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C# tutorial

How to read and write in Console app in C#

Vikas lalwani
C#
© Shutterstock / panitanphoto

Newcomers to learning the C# programming language might have some questions about how they can read or write to Console app. This tutorial by full-stack developer Vikas lalwani will show you a few examples, some sample code, and some output. By the end you will know a few new methods that will help you out as you continue to learn how to program with C#.

If you have just started learning C#, you might be interested to know, how we can read or write to console app using C#, in this article, I have explained it with an example.

Writing in Console App

In C# you can write or print to console using Console.WriteLine() or Console.Write(), basically both methods are used to print output of console.

Only difference between Console.WriteLine() and Console.Write() is that, Console.WriteLine() also makes control move to the next line while Console.Write() keeps the Control in same line.

SEE ALSO: Programming with Beef: Open source language takes inspiration from C#

Let’s take a look at an example:

using System;

namespace BasicIO
{
    public class BasicIOExample
    {
        public static void Main()
        {
            DateTime dat = DateTime.Now;

            //print current date and time and moves cursor to next line
            Console.WriteLine("Current Date and time is : "+dat);
            
            //prints text but keeps cursor in same line
            Console.Write("Press  to exit... ");
            while (Console.ReadKey().Key != ConsoleKey.Enter)
            {
                //run loop until Enter is press
            }
        }
    }
}

Output:

In the above example, in the above example, we are using both the methods Console.WriteLine() and Console.Write(), when using Console.WriteLine(), we are printing current date and time and cursor is moved to a new line, then using Console.Write() to print “Press <Enter> to exit…” which keeps the cursor in the same line.

You will also notice that while loop keeps on running, means you will see the output on console, until you click “Enter” on your keyboard as Console.ReadKey().Key is looking for Console.Enter Key to end this while loop.

Reading in Console App

When we want to read user’s data in C# in Console application, we can use Console.Readline() or Console.Read() method of C#.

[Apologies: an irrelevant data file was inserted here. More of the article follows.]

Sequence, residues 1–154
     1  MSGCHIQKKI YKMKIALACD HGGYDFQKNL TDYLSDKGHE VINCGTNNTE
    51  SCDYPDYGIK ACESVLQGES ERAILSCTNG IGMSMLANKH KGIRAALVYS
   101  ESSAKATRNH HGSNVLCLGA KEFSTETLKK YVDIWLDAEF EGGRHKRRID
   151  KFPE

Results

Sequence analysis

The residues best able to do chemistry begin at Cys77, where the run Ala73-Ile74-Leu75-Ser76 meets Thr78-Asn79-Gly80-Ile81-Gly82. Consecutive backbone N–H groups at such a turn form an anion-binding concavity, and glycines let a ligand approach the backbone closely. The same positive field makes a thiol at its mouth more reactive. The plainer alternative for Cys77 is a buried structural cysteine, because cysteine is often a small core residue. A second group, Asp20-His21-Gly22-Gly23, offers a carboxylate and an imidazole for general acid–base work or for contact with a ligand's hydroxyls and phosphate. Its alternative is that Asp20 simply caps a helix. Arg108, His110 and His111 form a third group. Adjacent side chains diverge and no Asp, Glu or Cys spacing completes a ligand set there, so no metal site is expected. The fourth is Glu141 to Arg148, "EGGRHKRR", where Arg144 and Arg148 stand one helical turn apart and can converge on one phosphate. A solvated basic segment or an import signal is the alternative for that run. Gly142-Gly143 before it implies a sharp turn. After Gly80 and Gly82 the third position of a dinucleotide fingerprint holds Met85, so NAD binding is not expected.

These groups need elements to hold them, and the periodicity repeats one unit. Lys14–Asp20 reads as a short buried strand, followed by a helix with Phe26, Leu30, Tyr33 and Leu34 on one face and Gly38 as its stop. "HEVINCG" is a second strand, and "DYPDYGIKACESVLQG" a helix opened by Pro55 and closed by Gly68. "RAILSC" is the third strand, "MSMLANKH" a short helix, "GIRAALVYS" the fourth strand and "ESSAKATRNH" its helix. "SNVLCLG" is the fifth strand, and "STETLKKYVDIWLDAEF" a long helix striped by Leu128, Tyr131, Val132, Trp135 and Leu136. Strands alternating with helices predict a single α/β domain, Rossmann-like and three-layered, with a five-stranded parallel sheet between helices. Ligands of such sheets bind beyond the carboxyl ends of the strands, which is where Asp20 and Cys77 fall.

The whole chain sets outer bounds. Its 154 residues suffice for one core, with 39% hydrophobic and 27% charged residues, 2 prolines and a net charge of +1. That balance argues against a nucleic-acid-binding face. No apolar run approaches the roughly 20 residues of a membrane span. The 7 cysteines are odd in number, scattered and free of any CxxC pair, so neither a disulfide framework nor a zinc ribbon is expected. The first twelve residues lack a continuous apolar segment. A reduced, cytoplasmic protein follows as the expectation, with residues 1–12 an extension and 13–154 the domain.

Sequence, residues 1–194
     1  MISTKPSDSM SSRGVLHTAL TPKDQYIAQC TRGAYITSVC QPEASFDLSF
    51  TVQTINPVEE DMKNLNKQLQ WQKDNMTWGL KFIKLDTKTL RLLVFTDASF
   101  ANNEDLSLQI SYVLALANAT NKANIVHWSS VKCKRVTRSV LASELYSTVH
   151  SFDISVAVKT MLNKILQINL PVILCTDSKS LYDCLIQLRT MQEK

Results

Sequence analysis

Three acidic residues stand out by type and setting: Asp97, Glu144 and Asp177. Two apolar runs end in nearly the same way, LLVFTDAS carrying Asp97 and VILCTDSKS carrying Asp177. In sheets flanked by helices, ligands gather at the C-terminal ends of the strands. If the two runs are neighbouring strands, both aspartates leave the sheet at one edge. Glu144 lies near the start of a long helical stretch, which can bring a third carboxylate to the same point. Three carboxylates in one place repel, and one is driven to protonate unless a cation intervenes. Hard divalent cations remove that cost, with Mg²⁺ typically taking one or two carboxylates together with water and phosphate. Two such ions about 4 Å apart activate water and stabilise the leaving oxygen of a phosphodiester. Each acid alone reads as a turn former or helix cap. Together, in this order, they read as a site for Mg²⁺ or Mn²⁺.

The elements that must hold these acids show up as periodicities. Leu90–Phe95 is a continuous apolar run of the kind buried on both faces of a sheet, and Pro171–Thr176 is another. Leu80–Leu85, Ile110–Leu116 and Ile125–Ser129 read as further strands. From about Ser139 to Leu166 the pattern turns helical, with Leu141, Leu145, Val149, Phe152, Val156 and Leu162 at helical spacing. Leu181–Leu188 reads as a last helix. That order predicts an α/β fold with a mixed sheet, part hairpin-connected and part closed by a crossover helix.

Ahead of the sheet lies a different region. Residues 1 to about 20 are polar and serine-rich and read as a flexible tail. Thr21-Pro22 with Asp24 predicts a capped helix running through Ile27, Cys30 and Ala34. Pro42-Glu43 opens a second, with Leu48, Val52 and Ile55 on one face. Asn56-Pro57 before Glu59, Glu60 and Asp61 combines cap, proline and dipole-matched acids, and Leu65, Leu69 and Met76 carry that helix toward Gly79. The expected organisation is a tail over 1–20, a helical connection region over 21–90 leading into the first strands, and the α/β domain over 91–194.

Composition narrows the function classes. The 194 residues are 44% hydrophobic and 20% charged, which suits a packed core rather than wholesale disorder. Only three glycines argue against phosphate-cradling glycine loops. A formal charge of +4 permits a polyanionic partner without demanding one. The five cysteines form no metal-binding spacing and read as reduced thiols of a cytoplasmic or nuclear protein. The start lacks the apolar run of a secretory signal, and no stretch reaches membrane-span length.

Basically, the difference between Console.ReadLine() and Console.Read() is

  • Console.Read: Reads the next character from the standard input stream.
  • Console.ReadLine: Reads the next line of characters from the standard input stream.

You can understand it as, Console.Read()reads a character, so if you are on a console and you press a key then the console will close, but when using Console.Readline() it will read the whole string.

Let’s understand it with an example:

using System;

namespace BasicIO
{
    public class BasicIOExample
    {
        public static void Main()
        {
            char charcter;
            string line;
            Console.Write("Enter single character :");

            //read character from user input
            charcter = Convert.ToChar(Console.Read());

            //print it using WriteLine()
            Console.WriteLine("Character is: " + charcter);
           
            Console.WriteLine("Enter one or more lines of text (press CTRL+Z to exit):");
           
            //do-while loop to read lines
            do
            {
               //read a complete line
                line = Console.ReadLine();
                //check if line is empty or not
                if (line != null && line != "")
                {
                    //if line has data print
                    Console.WriteLine("Line was = " + line);
                }
            } while (line != null);
        }
    }
}

Output:

C#

In the above example, we are using both the methods, Console.Read() and Console.ReadLine().

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As you can see, initially, we are asking the user to enter a single character, this character value is stored variable “character” and then used to print the value using Console.WriteLine().

In the second part of the program, we are trying to print a sequence of lines, until the user clicks “Ctrl+Z”, using do-while loop. Inside the do-while loop we are getting each line entered by the user using Console.Readline and assigning that value to “line”, which is then print using Console.WriteLine(), we are also checking if the “line” variable is not empty or not, we are printing value only if “line” variable is not empty.

You can read the complete C# tutorial here.

Author
I am full-stack web-developer and owner at Colossal Techno, IT Services company. I mostly work on technologies which include HTML, CSS, jQuery, Javascript, Bootstrap, C#, Xamarin.Forms, ASP.NET MVC/Core and SQL server. In my free time I like to browse more programming related articles and learn something new.

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